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Obama’s makes it sound as if he is the only candidate on top of the issues as far as foreign policy and Pakistan and Afghanistan are concerned. However the face is, and he states it himself, that the other two candidates are more then likely to pursue a similar Pakistan policy to his.

His speech back in the summer caused a lot of anger amongst the Pakistani community, both at home and abroad. Many of them would have otherwise supported him. There is absolutely no doubt about it. Now there is only confusion and more frustration amongst ordinary Pakistanis over the designs of the American leadership

It is also interesting to note Obama using the story of a Pakistani child to back his arguments. However many in the country would question why an American president would really care about children in their country. They have seen what has happened in Iraq and in Afghanistan. Solely concerned with the War on Terror and intoxicated in its pursuit of oil and other natural resources, humanitarian and social developments have been a definite backburner in the agendas of the American administration. Why should the Pakistani child believe Obama? Is he really all that different? That remains to be seen.

Posted by Syed | Report as abusive

Barack Obama’s latest comments on Pakistan made in a speech this week in which he repeats a call for the United States to shift its focus from Iraq to Afghanistan and Pakistan is part of his dirty tactics to win Presidential Elections.

It seems he is grossly mistaken in his perception about Pakistan. For his information, Pakistan is homeland of peaceful, talented, progressive, and moderate people. It has no connection to extremism and terrorism; in fact these are all USA fabricated stories!!!

Posted by kamal khan | Report as abusive

The comments about actionable intelligence aside, there is a meaningful difference in what Obama has been saying. McCain has offered cranky, unconditional support to Musharraf even through the depths of the Emergency. And Clinton has been fairly supportive of Musharraf until very recently as well.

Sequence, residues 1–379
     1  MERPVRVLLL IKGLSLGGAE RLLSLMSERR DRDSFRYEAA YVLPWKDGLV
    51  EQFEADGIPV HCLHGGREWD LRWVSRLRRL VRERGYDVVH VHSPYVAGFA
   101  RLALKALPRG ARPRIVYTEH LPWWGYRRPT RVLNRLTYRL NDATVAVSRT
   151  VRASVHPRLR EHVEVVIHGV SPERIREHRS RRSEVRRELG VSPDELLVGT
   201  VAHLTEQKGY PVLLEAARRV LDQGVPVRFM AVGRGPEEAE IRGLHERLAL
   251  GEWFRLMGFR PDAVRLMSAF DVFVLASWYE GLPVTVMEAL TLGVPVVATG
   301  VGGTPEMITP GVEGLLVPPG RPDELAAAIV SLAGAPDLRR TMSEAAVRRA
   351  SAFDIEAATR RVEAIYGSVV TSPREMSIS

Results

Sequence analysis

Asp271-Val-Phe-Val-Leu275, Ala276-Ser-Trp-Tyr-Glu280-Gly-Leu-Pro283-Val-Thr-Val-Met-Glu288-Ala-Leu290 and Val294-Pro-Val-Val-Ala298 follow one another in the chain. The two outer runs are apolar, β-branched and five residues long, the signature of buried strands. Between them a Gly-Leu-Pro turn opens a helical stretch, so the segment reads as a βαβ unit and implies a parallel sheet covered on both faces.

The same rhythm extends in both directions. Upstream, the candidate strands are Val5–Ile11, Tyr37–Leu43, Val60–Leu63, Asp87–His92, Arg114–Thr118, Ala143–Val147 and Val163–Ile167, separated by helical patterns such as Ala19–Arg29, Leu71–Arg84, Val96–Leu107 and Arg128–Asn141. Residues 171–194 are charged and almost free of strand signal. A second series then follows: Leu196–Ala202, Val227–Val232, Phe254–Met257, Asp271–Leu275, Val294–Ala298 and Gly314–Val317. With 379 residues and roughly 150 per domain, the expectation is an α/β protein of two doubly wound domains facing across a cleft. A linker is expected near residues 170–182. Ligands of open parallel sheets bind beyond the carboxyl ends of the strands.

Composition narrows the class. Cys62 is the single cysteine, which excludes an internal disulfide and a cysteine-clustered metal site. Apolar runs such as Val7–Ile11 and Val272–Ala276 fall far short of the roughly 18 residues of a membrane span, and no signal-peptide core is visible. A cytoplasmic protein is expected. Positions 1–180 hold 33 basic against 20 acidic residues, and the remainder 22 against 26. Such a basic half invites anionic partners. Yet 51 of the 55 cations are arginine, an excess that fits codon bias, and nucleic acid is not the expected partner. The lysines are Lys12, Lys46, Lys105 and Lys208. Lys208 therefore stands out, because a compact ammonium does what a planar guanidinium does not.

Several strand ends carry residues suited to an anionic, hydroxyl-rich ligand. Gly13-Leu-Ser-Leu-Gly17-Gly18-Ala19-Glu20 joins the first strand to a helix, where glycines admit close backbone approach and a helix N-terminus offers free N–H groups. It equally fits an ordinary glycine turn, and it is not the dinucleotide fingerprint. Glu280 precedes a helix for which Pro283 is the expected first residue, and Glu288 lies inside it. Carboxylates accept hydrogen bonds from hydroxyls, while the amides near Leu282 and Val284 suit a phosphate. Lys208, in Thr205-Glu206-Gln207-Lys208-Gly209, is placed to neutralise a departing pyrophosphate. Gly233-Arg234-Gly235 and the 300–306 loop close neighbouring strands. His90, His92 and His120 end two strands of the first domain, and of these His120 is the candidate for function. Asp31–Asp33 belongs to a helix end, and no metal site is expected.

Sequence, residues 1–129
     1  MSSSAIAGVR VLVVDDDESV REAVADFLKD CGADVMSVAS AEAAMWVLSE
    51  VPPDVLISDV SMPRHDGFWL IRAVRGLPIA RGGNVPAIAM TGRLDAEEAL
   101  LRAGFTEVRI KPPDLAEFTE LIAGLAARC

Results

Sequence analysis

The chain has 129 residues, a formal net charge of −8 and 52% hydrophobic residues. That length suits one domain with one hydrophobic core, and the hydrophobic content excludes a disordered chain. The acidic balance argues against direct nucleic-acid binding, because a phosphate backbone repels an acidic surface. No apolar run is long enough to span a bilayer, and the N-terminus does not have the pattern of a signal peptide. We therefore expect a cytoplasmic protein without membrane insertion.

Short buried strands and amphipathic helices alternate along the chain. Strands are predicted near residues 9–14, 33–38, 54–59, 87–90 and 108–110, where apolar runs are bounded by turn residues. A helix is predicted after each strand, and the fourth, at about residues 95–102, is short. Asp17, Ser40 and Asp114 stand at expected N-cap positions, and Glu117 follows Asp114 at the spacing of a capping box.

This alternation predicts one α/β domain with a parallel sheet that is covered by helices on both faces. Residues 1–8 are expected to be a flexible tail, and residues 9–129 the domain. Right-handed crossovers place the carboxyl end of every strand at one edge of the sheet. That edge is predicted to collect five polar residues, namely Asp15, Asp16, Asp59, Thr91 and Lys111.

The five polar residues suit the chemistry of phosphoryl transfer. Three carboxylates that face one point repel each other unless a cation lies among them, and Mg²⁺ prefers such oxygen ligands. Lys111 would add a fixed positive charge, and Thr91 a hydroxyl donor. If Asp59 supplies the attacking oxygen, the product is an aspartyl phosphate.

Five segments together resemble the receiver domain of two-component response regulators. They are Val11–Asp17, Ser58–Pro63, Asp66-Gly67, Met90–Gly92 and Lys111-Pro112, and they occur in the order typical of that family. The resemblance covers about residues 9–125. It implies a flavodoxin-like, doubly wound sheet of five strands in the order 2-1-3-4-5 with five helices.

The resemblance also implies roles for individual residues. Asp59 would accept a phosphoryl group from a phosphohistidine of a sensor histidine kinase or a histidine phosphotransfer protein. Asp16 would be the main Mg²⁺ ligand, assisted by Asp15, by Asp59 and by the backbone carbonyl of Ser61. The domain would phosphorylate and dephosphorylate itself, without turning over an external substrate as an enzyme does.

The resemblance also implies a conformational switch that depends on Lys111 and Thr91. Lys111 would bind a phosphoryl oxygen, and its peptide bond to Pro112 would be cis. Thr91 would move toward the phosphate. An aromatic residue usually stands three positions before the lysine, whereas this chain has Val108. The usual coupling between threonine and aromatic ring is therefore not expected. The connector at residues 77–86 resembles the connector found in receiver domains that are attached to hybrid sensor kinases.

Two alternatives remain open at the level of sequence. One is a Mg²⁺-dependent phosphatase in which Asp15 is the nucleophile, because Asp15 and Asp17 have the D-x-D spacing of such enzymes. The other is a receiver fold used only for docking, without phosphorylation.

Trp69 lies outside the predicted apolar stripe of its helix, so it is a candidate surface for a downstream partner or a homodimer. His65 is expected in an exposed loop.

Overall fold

Posted by Kabir | Report as abusive

8/19/08 Obama’s remarks on Pakistan trouble me greatly and makes me rethink my support of him.(I will not of course vote for McCain. He thinks too much along military lines while I think America’s challenge in the future will be economic, not military. McCain is simply not the man for these times). An invasion of Pakistan will not be tolerated by them any more than a military invasion of our country by another country for any reason would be tolerated by us. It will mean another war. National sovereignties cannot be treated lightly. I think that with two wars already on our hands and a host of domestic worries(a growing recession,etc.)we simply do not need to substitute one war(in Iraq)for another(in Pakistan). It is time to get away from the war path and mind our own business while we still have some business to mind.
Re.AlQaeda and Osama, I think we should treat them as we would a coin that rolled into a sewer. It is simply not worth distracting ourselves from much more serious problems at home.(Besides getting rid of Osama will not end terrorism or jihad. It is written in the Koran(i.r.sura 8,verses 12ff,sura 5 v.51,etc.))Our enemy is not primarily Osama, rather it is the ghost of Mohammed.

Posted by marvin melzer | Report as abusive